The Medical Letter on Drugs and Therapeutics
FROM
ISSUE
1386
Clarification: Vitamin E
Subscribers: Log in to read full article.  Not a subscriber?  Subscribe or purchase article.

The recent Medical Letter article on vitamin supplements1 included 2 sentences on vitamin E that could be misleading. "Vitamin E in food, which is mostly gamma-tocopherol, acts as an antioxidant. Vitamin E in supplements is mostly alpha-tocopherol, which may block the anti-oxidant effect of gamma-tocopherol and may have a pro-oxidant effect in vivo."

Gamma-tocopherol is the most common form of vitamin E in the North American diet, and supplements are mostly alpha-tocopherol, which can, under some conditions, have a pro-oxidant effect. However, there is no evidence that taking supplements can block the antioxidant effect of vitamin E in food. Whether the pro-oxidant effect of alpha-tocopherol, which is also plentiful in food, has any biological importance is unclear.2

1. Who should ... more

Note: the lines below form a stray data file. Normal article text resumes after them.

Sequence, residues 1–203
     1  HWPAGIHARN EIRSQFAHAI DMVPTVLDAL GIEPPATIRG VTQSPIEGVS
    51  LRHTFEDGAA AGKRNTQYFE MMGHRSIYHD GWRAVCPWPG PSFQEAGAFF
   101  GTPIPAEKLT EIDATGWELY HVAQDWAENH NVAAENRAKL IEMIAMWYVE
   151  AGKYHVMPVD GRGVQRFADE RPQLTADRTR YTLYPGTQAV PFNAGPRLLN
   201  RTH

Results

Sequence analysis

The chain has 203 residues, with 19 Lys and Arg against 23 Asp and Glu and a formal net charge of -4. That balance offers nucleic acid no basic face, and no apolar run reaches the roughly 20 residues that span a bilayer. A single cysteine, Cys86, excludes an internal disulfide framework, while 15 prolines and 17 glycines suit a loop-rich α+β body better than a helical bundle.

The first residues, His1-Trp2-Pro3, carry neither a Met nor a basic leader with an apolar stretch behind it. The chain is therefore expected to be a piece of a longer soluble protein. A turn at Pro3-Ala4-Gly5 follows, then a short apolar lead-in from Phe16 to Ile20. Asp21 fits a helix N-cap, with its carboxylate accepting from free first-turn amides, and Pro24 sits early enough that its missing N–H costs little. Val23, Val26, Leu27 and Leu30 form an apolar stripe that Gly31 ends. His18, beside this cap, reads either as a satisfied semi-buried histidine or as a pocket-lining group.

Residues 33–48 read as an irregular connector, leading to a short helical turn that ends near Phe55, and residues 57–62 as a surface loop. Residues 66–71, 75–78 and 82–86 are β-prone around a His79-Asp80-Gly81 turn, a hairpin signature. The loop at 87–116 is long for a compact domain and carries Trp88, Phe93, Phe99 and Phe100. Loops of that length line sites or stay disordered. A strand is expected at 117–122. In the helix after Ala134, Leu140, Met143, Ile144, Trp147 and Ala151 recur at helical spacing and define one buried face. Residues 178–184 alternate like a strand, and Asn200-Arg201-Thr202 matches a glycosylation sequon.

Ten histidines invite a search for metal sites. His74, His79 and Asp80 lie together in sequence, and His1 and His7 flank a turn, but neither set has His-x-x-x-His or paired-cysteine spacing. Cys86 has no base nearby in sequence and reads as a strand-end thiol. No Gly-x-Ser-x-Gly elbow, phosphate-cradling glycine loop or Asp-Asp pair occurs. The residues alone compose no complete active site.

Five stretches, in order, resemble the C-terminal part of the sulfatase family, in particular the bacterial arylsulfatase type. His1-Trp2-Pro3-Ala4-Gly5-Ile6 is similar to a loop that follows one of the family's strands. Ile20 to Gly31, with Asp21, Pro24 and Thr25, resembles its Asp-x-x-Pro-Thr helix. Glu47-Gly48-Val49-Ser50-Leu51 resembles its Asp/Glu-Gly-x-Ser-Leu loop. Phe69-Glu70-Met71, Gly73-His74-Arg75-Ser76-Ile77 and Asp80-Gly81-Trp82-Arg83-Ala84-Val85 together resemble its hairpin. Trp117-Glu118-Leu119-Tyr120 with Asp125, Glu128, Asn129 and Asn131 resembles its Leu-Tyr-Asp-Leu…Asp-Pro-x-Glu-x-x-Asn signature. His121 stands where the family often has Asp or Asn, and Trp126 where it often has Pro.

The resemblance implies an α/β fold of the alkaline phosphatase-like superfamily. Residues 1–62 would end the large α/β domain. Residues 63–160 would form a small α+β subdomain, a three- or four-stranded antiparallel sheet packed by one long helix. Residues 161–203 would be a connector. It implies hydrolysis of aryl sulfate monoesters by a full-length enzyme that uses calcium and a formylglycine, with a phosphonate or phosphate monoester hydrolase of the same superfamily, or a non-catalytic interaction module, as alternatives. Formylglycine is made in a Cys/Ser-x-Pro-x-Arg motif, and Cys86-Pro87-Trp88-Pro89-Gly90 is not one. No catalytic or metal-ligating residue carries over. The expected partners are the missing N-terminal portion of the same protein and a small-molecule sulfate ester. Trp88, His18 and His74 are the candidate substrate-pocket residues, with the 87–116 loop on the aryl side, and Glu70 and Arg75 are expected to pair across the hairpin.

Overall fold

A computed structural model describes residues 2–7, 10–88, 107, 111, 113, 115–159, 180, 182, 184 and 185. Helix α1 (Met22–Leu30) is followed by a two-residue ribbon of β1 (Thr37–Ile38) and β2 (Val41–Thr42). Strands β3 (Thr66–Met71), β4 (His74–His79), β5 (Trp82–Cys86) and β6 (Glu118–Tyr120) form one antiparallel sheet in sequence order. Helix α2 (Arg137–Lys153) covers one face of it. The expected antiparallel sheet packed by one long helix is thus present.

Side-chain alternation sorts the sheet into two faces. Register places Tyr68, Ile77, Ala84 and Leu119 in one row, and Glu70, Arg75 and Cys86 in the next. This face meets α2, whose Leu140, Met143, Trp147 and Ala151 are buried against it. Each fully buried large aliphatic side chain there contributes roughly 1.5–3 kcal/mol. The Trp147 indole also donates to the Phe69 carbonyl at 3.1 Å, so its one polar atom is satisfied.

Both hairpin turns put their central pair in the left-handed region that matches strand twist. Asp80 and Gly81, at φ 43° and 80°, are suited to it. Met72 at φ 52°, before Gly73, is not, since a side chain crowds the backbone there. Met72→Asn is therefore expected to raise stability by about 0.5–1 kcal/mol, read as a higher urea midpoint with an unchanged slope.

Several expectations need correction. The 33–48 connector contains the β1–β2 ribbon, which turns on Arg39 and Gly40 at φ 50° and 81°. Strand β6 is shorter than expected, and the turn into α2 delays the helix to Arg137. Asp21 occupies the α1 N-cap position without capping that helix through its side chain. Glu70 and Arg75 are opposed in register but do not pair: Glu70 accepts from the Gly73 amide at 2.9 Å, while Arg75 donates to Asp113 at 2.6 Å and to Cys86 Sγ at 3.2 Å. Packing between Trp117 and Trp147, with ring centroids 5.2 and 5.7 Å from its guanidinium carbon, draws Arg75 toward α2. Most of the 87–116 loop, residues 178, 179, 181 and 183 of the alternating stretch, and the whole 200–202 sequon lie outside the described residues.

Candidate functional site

The Medical Letter is a subscriber-funded nonprofit organization that publishes critical appraisals of new prescription drugs and comparative reviews of drugs for common diseases.

Would you like to read the rest of this article?  Gain access below.

Subscribe
Subscriptions to The Medical Letter on Drugs and Therapeutics include:
  • Print version published and mailed biweekly (26 issues/year)
  • Unlimited online access to current and past issues (1988 - present)
  • Mobile App for iOS, Android, and Kindle Fire
  • FREE online per issue CME/CE
Purchase this article:
Title: Clarification: Vitamin E
Article code: 1386d
 Electronic, downloadable article - $45
Gain access through your organization
Ask your librarian to consider an Institutional Subscription to The Medical Letter.
Recommend to your librarian